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The Preppy Murder is one of those cases that we just can’t get enough of, so full of twists and turns. Here's all the best coverage of The Preppy Murder.

The Preppy Murder: All the best coverage of the shocking killing

The Preppy Murder is one of those cases that we just can’t get enough of–so full of twists and turns, misogyny and stereotypes, victim-blaming and coverups, following all of the conspiracies and drama is enough to give us whiplash. Perhaps that’s why it still gets profiled over and over again. 

The Preppy Murder is could easily be the plotline of an 80s brat pack movie, just with, you know . . . murder. A bunch of over privileged and under supervised teens partying in nightclubs, doing drugs and hooking up, all of it looking like a dream until it becomes a nightmare, it’s actually amazing that John Hughes didn’t make it into a film. Here’s the background of the sordid tale, and our take on the best coverage of the infamous crime. 

The hedonistic 80s

The 1980s are known for big hair, loud colors, and cocaine, amongst other things. Still encased in the bubble of impenetrability, the wealthy teens of Manhattan were living the life any teen imagines. With parents too busy with their own lives to monitor their actions, Manhattan’s elite youth were out drinking at bars, partying until all hours of the night, and spending unlimited budgets. 

One favorite spot for these wild nights out was the bar Dorrian’s Red Hand in NYC’s Upper East Side. 18-year-old Jennifer Levin may have mingled with the rowdy crowd, but she was decidedly different. 

Jennifer Levin was a sweet and funny newbie

As the victim of the Preppy Murder, Jennifer Levin’s name was dragged thoroughly through the mud, but friends say she was nothing like the girl that was presented in the media. 

Petite and a little nerdy, Jennifer had recently moved from Long Island to SoHo, to live with her dad. On August 26th, 1986, she was out with friends, dancing and laughing at Dorian’s Red Hand. 

Jennifer’s biggest mistake that night was choosing to walk home through Central Park with Robert Chambers, a 19-year-old member of her circle of friends. It was only a few hours later that Jennifer’s body was found by a cyclist. She was partially naked, and had been cut, beaten, and strangled to death. 

Robert Chambers was a known scumbag 

19-year old Robert Chambers had spent his whole life attending fancy prep schools on scholarship. Always just a little bit outside of the crowd, he had a reputation for stealing things at parties and overindulging in alcohol and drugs. He was kicked out of Boston University after just one semester.

When police approached Robert Chambers after finding Jennifer Levin’s body, he claimed that her death was due to rough sex that got too rough. In a story that was ever-shifting, Chambers claimed that Jennifer had tied him up, hurt him, and then had suddenly died when he pushed her off of him.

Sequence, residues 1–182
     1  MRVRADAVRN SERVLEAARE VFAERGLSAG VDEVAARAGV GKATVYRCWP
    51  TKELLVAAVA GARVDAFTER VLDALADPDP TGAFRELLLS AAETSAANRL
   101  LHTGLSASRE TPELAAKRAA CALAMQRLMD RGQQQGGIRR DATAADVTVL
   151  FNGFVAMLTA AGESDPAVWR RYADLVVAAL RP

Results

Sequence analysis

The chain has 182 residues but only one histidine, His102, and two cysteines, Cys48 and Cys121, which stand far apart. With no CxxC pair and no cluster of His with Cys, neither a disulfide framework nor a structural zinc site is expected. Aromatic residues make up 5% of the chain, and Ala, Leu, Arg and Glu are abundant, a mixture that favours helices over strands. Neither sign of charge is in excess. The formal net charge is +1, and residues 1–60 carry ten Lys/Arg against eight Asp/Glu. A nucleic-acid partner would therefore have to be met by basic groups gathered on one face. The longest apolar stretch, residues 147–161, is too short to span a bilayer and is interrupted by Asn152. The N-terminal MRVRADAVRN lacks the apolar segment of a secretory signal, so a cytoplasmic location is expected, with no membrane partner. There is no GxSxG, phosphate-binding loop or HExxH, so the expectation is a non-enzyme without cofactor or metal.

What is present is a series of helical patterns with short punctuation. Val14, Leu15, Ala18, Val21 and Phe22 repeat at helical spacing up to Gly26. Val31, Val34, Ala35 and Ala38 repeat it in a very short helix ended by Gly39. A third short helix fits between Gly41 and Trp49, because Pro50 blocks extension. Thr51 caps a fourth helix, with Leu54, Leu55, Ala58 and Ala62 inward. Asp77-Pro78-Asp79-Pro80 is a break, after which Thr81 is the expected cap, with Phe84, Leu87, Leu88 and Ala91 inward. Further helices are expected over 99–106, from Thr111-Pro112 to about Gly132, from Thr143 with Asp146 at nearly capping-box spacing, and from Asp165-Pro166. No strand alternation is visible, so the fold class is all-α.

Jennifer Levin died of asphyxiation by strangulation.

Robert Chambers’s good looks and elitist background, as well as the sordid tale he weaved around Jennifer’s death, earned him the media moniker “The Preppy Killer”, and spawned a number of movies and shows covering the Preppy Murder as well as the tawdry media feeding frenzy.

Victim blaming at its worst

With Robert Chambers’s story of the circumstances surrounding Jennifer Levin’s death, the media had a field day. With headlines reading “Jenny Killed in Wild Sex” and “Sex Play Got Rough”, 18-year-old Jennifer Levin’s background all became fair game. 

Despite the obvious discrepancies in Chambers’s story, Jennifer Levin seemed to be the one on trial, even though Levin was over a foot shorter than her admitted killer, who was a petty thief, alcoholic and drug abuser. 

The media storm around the Preppy Murder didn’t thoroughly die down when Robert Chambers pled guilty to manslaughter. After serving only 15 years for killing Jennifer Levin, Chambers was released in 2003. 

Robert Chambers had drug charges brought up against him in both 2004 and 2005 and ultimately went back to prison in 2008 for selling cocaine. His sentence for selling cocaine is 19 years. 4 years longer than the sentence he received for pleading guilty to murdering an 18-year-old woman. 

The whole story

As previously mentioned, there is no shortage of dramatizations on the Preppy Murders. Last year, AMC and Sundance released a five-part docuseries titled The Preppy Murders: Death in Central Park that was intended to finally correct the narrative around Jennifer Levin. It is the best and most comprehensive coverage of the horrific murder.

The case also inspired the 1989 TV movie The Preppie Murder starring William Baldwin as Chambers and Lara Flynn Boyle as Levin. 

The Preppy Murder has also been rehashed and reworked numerous times, influencing multiple episodes of the Law & Order franchise, Mike Doyle’s character in the HBO series Oz, as well as Illeana Douglas’ character in the Martin Scorsese film Cape Fear.

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